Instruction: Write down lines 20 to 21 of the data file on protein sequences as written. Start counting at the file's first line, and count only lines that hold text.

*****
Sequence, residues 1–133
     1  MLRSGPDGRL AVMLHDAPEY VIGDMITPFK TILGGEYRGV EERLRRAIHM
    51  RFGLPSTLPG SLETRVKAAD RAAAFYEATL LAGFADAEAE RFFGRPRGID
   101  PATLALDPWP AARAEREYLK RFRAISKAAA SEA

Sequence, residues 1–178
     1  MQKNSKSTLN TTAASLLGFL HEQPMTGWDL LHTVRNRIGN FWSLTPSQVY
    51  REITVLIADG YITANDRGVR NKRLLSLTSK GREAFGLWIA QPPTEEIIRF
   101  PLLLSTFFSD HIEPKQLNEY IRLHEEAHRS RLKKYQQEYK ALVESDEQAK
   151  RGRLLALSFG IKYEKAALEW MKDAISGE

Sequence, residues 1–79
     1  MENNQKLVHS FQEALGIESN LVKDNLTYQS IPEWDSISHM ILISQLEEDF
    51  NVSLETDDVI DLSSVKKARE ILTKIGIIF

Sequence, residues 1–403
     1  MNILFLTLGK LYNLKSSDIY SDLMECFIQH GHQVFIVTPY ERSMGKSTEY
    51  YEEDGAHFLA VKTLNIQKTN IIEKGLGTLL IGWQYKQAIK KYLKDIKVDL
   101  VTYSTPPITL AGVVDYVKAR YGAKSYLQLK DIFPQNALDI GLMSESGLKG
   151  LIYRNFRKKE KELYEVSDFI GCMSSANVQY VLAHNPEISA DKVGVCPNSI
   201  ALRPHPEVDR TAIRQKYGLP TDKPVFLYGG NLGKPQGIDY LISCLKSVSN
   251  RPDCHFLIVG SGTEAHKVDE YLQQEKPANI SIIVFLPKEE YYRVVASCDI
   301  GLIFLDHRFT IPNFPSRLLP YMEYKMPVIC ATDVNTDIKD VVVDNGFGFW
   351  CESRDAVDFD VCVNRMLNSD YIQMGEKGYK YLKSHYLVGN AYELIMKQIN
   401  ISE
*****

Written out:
   301  GLIFLDHRFT IPNFPSRLLP YMEYKMPVIC ATDVNTDIKD VVVDNGFGFW
   351  CESRDAVDFD VCVNRMLNSD YIQMGEKGYK YLKSHYLVGN AYELIMKQIN